The value proposition of social prosperity

I was at MacDonald Island, along with several hundred others, as people like Paul Born, Ray Floyd, Nancy Mattes, and Cathy Brothers kicked off the Social Prosperity Wood Buffalo (SPWB) project in 2011, though the name and the brand came later.  Many of the movers and shakers were there: politicians, senior industry leaders, vice presidents, executive directors -- the decision makers and influencers.  In April 0f 2015, the five-year community capacity building effort will complete its scope of work.  The steering committee of SPWB and some stakeholders in the social profit sector, spent the entire day - also at MacDonald Island - reflecting on the activities, learnings and outcomes.

These are some of my observations about what emerged from yesterday's deep dive.  They are my interpretations and recollections, and are in no way official conclusions or meant to represent in any way, shape or form the views of the SPWB project, steering committee, funders, drivers or stakeholders.  How's that for a disclaimer?

1.  The accreditation preparation workshop series, designed and developed by SPWB to help organizations prepare for Imagine Canada's Standards Accreditation program is highly valued, not only for the piece of paper they get upon their successful completion, but for the process itself.  The very act of getting policies, procedures and processes in order strengthens social profits, and by extension, our community and region.

2.  The Heart of Wood Buffalo Awards has already become an integral component of our social profit ecosystem.  It never even got mentioned in the first three hours of dialogue yesterday morning.  We fully expect the lights to turn on when we flip the switch; what is there to talk about?  This "encouraging the heart" outcome of SPWB continues to be lauded and acknowledged for its impact and importance.

3.  There were several conversation streams that talked about how partnerships and collaborations have evolved to be a natural way of doing business.  "Before we started the Social Prosperity process, if I called up another organization to see if I could copy a form or policy, the answer would be no," shared one participant in yesterday's discussions.  "Now, there is no hesitation.  'What else do you need?' is more likely to be the response."  Several specific examples were cited of multiple groups coming together to realize efficiencies, avoid duplication, and share resources.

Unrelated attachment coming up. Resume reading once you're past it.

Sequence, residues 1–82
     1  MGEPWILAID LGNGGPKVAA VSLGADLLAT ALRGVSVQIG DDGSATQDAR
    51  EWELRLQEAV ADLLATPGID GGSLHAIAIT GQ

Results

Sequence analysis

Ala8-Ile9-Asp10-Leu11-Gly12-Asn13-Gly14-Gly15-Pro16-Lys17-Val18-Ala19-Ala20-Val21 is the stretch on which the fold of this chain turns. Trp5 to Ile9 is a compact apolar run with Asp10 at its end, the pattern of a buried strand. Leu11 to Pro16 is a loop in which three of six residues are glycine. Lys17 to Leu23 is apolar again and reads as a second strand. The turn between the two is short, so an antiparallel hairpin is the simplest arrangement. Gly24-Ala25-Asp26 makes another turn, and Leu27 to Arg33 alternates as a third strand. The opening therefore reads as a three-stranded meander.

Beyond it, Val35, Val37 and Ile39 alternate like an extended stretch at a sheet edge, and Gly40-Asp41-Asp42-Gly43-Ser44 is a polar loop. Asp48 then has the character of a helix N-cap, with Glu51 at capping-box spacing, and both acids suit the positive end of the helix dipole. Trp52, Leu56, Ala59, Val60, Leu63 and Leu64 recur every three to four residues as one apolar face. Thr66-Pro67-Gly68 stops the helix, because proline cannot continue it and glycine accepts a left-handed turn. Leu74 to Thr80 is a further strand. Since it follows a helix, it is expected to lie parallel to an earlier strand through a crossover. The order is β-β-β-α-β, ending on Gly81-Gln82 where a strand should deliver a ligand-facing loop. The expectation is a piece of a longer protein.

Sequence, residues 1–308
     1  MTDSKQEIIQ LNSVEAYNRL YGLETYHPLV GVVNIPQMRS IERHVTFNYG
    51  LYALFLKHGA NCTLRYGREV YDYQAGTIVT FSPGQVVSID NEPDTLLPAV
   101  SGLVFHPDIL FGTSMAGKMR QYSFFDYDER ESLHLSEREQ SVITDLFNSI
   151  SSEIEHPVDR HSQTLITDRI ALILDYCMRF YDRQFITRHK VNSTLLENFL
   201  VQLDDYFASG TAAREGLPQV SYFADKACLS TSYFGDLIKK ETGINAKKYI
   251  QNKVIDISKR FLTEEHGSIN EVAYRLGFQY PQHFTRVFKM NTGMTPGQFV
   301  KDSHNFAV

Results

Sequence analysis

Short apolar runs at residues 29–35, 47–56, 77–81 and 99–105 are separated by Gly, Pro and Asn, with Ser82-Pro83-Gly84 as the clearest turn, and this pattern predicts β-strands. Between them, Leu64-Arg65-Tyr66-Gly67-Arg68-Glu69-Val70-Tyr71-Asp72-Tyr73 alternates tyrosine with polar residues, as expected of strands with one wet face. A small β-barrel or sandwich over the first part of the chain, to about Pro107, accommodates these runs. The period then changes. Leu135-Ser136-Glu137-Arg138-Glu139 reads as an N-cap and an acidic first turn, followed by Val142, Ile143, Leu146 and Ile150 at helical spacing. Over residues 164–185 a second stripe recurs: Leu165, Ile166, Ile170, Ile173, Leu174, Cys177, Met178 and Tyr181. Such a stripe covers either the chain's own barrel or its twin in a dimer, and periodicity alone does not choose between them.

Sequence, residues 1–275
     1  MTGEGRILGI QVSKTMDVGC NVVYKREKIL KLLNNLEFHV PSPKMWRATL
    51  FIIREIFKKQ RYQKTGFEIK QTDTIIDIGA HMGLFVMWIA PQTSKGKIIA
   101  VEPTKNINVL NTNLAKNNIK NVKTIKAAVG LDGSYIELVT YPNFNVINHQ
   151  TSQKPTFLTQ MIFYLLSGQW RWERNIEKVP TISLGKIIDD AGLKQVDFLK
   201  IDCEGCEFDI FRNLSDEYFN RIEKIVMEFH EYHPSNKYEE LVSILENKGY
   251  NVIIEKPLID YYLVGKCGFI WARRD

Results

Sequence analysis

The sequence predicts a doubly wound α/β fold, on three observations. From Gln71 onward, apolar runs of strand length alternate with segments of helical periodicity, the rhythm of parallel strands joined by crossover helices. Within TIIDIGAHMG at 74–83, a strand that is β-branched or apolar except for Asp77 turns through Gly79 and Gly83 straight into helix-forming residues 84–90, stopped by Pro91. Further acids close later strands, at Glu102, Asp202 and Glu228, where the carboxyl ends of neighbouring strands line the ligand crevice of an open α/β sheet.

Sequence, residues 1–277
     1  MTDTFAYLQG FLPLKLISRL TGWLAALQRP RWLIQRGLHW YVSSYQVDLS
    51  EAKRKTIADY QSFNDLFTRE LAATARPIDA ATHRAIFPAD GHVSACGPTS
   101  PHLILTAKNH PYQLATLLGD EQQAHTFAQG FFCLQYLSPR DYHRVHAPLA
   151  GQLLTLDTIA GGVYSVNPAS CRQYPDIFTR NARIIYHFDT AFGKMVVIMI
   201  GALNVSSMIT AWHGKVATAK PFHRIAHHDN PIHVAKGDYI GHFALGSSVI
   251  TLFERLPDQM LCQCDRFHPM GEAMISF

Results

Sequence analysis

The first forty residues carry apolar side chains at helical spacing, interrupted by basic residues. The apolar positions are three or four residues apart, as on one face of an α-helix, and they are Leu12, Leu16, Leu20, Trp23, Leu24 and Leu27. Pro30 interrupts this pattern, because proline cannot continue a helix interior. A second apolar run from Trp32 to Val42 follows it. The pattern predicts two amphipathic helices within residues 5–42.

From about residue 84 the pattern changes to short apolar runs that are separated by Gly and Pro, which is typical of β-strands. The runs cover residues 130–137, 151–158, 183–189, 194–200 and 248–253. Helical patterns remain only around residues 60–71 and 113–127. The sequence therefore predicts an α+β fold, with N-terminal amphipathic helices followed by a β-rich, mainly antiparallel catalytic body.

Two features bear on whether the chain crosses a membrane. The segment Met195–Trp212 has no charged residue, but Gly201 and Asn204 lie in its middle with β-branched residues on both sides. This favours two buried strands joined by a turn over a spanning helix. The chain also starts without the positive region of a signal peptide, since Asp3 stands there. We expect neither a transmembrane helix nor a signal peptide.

4.  The academic function was/is critical.  The role that the University of Waterloo played in doing and providing the research, and being that "neutral" third party enabled people and organizations from all corners of the sector to authentically engage.  The "establishment" and the groups on the "fringes" all felt like their voices were being heard and captured by the academic minds who were synthesizing and distilling a whole lot of information and ideas.  I heard loudly and clearly that maintaining the academic function, post the SPWB project, is important, though there could be many advantages to finding a local source for that function.

5.  This was less about quick wins or identifiable successes, and more about the process.  I am guilty of pushing for tangible and saleable outcomes, but I can see now that I was wrong - though I keenly remember the compelling driver to convince the naysayers.  Almost four years along, and we can clearly see how the process has facilitated organic strengthening of organizations, created meaningful partnerships, and in one case, inspired an amazing merger of three organizations.

6.  Leadership is key.  That point came up several times during our day-long reflection about the Social Prosperity project.  The Suncor Energy Foundation and the University of Waterloo provided the vessel and the breeze to get this ship sailing and has kept it moving.  If the processes entailed in this project are to be sustained, then a champion is going to be required, a champion that ensures the voices from all parts of the sector are heard and valued.

7.  There is great value in failure.  Things were tried, new models tested, and ideas run through the wringer during the SPWB process.  Some took root and took off, others bore fruit but died on the vine.  It was nice to talk about the need to encourage and celebrate things that didn't work in equal measure to those things that did.  We want to engender a sector that can tolerate risk, encourage experimentation, and facilitate innovation.

8.  How often do you hear the term "nonprofit" in Wood Buffalo?  In an organic kind of way, the legal descriptor of the sector was supplanted by the term "social profit" following the first iteration of Convergence YMM.  Now, if you use the n-word people in our community, people look at you funny.  Many of us have begun the process of exporting this notion to other places.  When I was at Yale University a few weeks ago I shared with a group of MBA students how we've changed the language.  "Can we steal that?" they asked.  "Steal away," I said, "just remember where it came from."

You will hear more formal presentations and read well-crafted reports about Social Prosperity Wood Buffalo as this project winds down and as the community explores the "What's Next?" question.  For now, I feel assured that time, patience, dedication and trusting the process has had a measurable, substantial, and hopefully, sustainable impact on our region and the social profit sector.


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